Vermont Business Magazine The American Lung Association’s 2018 “State of Tobacco Control” shows Vermont earned mixed grades on its tobacco policies. The Lung Association suggests the state should put another $3.8 million into fighting the problem and raise the smoking age to 21. The 16th annual report grades states and the federal government on policies proven to prevent and reduce tobacco use, and finds that Vermont was unable to move the ball on tobacco policy in 2017, and that elected officials must do more to save lives and ensure all Vermont residents benefit.
“Nationwide, smoking rates have continued to decline to historically low levels, yet tobacco use remains the nation’s leading cause of preventable death and disease killing over 480,000 Americans each year,” said Jeff Seyler, Executive Vice President of the American Lung Association, Northeast Region. “Tobacco use is a serious addiction, and the fact that nearly19 percent of adults and almost a quarter of high school students in Vermont currently use tobacco highlights how much work remains to be done in our communities to prevent and reduce tobacco use.”
This year’s “State of Tobacco Control” finds Vermont’s grades show zero progress from last year and that Governor Scott and the state legislature must reprioritize tobacco control policies that will save lives:
- Funding for State Tobacco Prevention Programs – Grade D
- Strength of Smokefree Workplace Laws - Grade A
- Level of State Tobacco Taxes - Grade B
- Coverage and Access to Services to Quit Tobacco - Grade B
- Minimum Age of Sale for Tobacco Products to 21 – Grade F
The American Lung Association in Vermont is concerned that the state is heading in the wrong direction. The overall adult smoking rate in Vermont is stagnant and has even ticked up slightly while the U.S. overall rate continues to decline. While Vermont was an early national leader in the fight against Big Tobacco, it is losing ground by gradually cutting the state’ comprehensive tobacco control program budget and draining the Tobacco Trust Fund, originally intended to sustain the state’s tobacco prevention and control efforts.
Currently, Vermont earned a “D” for its Prevention and Control Funding, even though the programs budget is less than 54 percent of the Centers for Disease Control and Prevention recommended amount. By protecting or increasing funding for tobacco control programs, Vermont would have a powerful opportunity to focus efforts in communities that use tobacco at higher rates and who have been targeted by the tobacco industry. Vermont receives $106.1 million from tobacco settlement payments and tobacco taxes, and should use more of these funds to help prevent tobacco use and help smokers quit. The American Lung Association has recommended a modest increase in state funding to $3.8 million from the current $3.5 million.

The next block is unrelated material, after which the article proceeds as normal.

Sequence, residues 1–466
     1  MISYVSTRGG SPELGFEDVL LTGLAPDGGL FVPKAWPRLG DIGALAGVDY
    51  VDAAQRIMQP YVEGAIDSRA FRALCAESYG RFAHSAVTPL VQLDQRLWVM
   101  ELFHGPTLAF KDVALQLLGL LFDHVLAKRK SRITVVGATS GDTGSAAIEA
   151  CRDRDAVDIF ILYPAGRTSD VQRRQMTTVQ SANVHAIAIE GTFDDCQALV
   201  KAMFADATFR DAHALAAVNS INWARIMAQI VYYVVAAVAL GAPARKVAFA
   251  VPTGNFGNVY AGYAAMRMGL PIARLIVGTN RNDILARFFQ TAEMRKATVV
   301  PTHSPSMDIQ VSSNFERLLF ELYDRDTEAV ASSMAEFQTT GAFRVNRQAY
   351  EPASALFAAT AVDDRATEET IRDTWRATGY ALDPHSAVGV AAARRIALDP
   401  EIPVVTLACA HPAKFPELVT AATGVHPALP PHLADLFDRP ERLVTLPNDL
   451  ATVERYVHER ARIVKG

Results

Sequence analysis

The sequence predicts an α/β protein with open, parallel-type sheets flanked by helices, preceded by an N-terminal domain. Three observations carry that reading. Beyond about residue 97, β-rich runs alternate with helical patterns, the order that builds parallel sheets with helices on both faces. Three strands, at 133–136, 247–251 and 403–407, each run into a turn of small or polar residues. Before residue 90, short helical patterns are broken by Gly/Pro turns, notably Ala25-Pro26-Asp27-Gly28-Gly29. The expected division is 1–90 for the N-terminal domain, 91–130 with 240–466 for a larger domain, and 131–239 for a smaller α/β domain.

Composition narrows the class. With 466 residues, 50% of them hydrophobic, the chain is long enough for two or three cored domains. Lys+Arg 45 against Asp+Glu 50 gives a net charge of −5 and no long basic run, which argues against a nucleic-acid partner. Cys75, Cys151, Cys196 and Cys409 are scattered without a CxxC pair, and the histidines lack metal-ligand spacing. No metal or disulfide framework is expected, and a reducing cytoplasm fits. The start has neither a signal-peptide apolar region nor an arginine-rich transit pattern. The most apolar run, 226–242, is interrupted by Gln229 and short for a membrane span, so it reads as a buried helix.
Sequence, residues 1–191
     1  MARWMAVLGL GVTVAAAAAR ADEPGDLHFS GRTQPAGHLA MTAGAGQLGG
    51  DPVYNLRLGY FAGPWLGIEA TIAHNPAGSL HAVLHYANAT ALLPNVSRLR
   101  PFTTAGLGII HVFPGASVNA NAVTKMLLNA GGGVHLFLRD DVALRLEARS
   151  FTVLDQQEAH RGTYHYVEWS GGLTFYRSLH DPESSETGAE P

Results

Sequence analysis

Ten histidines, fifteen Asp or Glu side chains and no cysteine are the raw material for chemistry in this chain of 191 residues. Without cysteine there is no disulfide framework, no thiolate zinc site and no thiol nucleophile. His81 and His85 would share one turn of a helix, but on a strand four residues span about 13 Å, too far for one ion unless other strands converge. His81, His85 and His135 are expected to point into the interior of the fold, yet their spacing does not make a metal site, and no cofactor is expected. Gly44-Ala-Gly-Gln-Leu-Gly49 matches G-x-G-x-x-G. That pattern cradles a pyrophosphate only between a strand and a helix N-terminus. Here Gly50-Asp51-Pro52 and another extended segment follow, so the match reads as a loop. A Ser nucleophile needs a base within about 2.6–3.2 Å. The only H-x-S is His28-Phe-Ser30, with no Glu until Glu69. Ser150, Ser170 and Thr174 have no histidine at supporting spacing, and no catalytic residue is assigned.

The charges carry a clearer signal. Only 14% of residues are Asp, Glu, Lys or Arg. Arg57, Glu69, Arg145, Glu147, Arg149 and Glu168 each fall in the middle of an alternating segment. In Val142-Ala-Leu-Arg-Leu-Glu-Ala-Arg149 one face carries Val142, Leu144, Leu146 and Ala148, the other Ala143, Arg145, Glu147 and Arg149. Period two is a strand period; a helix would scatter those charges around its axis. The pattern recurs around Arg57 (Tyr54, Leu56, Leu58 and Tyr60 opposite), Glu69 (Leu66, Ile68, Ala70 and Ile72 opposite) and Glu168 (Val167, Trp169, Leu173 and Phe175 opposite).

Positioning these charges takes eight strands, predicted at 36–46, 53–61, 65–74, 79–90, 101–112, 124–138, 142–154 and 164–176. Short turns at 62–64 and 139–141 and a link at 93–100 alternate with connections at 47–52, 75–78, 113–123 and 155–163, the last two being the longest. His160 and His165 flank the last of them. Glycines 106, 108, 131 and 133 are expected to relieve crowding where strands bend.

The Vermont State legislature also missed a critical opportunity this year to pass a bill raising the age of sale of tobacco products to 21 from 18. Tobacco is a highly addictive product, and close to 95 percent of smokers try their first cigarette by the age of 21. More must be done to prevent and reduce youth tobacco use in Vermont, and one powerful tool is increasing the minimum age of sale for tobacco products to 21. In fact, the National Academy of Medicine (formerly the Institute of Medicine) found increasing the minimum age of sale for all tobacco products to 21 could prevent 223,000 deaths among people born between 2000 and 2019, including 50,000 fewer dying from lung cancer – the nation’s leading cancer killer.
On this front the legislature’s failure was met by local successes. The Vermont Department of Health, working with local tobacco control and prevention grantees, is addressing the smoking rate among young adults through the Vermont Tobacco-Free Colleges Initiative. Eighteen percent of Vermonters between the ages of 18 and 24 smoke. By the fall of 2019, the percent of college students covered by a tobacco-free college campus policy will increase from 34 percent to 76 percent, thanks to a resolution passed by the Vermont State College Chancellors. The resolution commits to making all five Vermont State College campuses tobacco-free by the fall of 2019.
“Vermont was a leader when it was passing clean indoor air laws and invested substantially in tobacco control and prevention, but that leadership is no longer reflected in policy and budget decisions.” said Rebecca Ryan, Senior Director, Health Education and Public Policy for the American Lung Association in Vermont. “We know how to reduce tobacco use in this country – and investments in Tobacco Prevention and Control, as well as legislation protecting our youths – are critical to our success. Vermont elected officials must act to implement proven policies, which will prevent tobacco-caused death and disease, and help keep our lungs healthy.”
The American Lung Association in Vermont calls for the following actions to be taken by itselected officials to reduce tobacco use and exposure to secondhand smoke:
1) Increase fiscal year 2019 funding for Vermont's comprehensive tobacco control program to $3.8 million;
2) Raise the legal age for sale of tobacco products to 21; and
3) Require landlords to disclose smoking policies in building to prospective renters.
Source: Williston, VT - January 24, 2018] – The American Lung Association “State of Tobacco Control” report